The Busby Berkeley Collection: Volume 2 (The Extras) Review

This final piece of the Busby Berkeley story is all extras and, as with the previous six-film volume, there's a lot of them.

On Varsity Show: There are two short films included on this disc, beginning with A Neckin' Party (11m02s), which sounds like it might be very rude (and might require scarves to be worn the following morning) but which actually involves the hanging of a ventriloquist's dummy during a party down Mexico way. The second is the animated Have You Got Any Castles (7m25s), which features a cast of literary characters bursting out of their books for a Christmas party in the library. This is preceded by a warning that it may cause offence due to its portrayal of racial stereotypes, which I'm assuming refers both to Fu Manchu and to its cast of black singers and dancers, all of whom are drawn as you might expect. However, doing what Warner Brothers have done is the right thing, including the cartoon in this set but also explaining that it was, "...a product of its time" and that they are not only wrong now but were wrong then. Better that than to pretend such cartoons were never produced. The disc also offers a Theatrical Trailer (2m38s).

On Hollywood Hotel: This disc kicks off with Double Talk (10m36s), a comedy short that tugs at the heart strings from the very beginning with talk of a rich lady arriving at Bergen's Orphanage who might adopt one of the children there. As it happens, there's also a ventriloquist's dummy - the same one by the look of it! - which suggests that this woman might arrive home disappointed when she finds that the wisecracking, if mature-looking child, that she has adopted is as lifeless and as wooden as, well, a dummy. To the sound of Auld Lang Syne, a backdrop of tartan and an invitation to walk the heather with the poet who penned this immortal ballad, the disc continues with The Romance Of Robert Burns (15m46s), a romantic short that gets off to a rocky start by it having been set in a location that is no more Scottish than is Timbuktu. There's some romance and the Technicolor photography looks beautiful but the real pleasure comes from hearing the actors wrestle with Burns' Gaelic. "Ah lef figgitya Robbie!" says a tearful young lass as Burns departs for Edinburgh. Ah lef figgitya either. This is followed by the cartoon Porky's Five & 10 (7m09s) that features, as you might expect given the title, Porky Pig but also tune of Let That Be A Lesson To You. Finally, there is a Theatrical Trailer (4m17s).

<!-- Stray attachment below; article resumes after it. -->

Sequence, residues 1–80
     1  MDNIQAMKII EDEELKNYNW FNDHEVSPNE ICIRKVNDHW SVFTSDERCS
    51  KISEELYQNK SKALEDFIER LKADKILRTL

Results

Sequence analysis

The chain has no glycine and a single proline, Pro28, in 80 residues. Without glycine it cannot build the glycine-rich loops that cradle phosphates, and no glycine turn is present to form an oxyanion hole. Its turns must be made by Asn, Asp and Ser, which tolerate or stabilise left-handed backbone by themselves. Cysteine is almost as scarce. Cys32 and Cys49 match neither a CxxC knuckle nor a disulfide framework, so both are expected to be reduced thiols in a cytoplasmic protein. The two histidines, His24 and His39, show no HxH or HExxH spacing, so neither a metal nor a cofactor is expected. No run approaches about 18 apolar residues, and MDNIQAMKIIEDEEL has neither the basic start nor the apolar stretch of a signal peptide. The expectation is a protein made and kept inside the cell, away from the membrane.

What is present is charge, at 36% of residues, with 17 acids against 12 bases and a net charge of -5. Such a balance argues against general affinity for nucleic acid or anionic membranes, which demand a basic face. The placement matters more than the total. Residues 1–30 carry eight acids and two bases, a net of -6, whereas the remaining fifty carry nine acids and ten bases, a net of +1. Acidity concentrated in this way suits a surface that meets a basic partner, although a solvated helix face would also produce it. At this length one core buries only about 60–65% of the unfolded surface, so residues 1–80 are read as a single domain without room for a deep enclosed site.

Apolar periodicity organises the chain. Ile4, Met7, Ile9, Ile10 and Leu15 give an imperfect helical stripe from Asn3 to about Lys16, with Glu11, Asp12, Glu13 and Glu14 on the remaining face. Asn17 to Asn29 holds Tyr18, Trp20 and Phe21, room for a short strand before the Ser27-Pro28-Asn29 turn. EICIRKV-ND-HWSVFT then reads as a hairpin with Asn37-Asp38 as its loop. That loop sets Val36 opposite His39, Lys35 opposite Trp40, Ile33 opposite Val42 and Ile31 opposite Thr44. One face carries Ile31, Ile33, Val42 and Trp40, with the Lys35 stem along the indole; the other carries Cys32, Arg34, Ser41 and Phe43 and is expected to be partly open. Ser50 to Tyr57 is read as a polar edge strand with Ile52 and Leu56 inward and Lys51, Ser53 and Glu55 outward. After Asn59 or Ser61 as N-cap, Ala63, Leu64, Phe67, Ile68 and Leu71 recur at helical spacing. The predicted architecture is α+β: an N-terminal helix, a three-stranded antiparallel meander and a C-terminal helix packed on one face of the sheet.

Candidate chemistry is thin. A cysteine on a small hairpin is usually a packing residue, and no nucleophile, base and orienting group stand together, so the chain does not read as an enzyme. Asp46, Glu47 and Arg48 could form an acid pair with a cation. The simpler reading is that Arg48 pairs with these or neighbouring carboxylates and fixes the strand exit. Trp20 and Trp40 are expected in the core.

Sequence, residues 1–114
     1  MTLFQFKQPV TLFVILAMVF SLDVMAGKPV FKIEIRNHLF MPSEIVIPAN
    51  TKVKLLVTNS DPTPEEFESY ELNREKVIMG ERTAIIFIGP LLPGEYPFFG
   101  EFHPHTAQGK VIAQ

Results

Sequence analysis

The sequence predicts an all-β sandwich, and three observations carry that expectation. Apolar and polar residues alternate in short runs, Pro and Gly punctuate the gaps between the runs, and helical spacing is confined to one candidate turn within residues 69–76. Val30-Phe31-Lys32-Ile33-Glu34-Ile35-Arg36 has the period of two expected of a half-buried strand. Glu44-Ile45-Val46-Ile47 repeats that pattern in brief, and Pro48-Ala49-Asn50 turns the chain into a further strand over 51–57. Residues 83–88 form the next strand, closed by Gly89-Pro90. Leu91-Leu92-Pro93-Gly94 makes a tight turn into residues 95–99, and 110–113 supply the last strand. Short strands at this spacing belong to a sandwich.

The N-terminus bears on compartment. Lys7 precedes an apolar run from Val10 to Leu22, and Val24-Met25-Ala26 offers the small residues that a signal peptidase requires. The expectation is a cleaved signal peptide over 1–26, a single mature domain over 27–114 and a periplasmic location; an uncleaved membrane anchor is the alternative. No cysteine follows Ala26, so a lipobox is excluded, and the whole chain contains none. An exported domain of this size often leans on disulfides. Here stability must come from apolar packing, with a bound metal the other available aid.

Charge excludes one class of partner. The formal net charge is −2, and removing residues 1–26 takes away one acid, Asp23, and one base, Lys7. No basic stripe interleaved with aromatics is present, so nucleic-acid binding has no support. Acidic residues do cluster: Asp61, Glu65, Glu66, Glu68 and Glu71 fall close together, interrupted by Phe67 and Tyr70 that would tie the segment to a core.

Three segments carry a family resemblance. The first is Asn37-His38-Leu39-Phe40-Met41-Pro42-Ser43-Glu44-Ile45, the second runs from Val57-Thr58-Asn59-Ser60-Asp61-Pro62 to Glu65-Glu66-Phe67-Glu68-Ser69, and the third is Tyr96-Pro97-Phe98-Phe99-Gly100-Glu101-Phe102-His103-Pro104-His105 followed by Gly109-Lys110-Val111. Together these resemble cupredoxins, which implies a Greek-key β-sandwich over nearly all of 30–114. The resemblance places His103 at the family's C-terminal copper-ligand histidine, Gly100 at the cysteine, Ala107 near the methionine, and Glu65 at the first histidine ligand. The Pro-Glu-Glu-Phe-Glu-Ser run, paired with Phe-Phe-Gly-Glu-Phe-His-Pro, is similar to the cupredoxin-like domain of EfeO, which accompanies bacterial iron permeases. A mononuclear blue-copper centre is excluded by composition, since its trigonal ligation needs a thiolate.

On Gold Diggers Of 1937: The Technicolor of Romances Of Louisiana (18m19s) seems out of place on the thoroughly black-and-white films of this set. As is Thomas Jefferson telling Americans that his country is bonded to no other as it is to France. How times have changed. This short film describes the buying of the state of Louisiana from France for the sum of fifteen million dollars. While Napoleon rubs his hands in glee at creating, in America, a naval superpower that will eventually find itself at war with Britain. James Munro leads the negotiations for the purchase of the land and, for that, finds himself branded a traitor. Two cartoons follow, being Plenty Of Money And You (7m14s), in which the birds of the chicken coop find themselves a-flutter at the birth of a curiously large and ugly chick, and Speaking Of The Weather (7m23s), which comes with the same warning over the racism of the times. In this, the problem would seem to be the African characters, dressed as savages in loincloths, who run through the jungles of Nature magazine.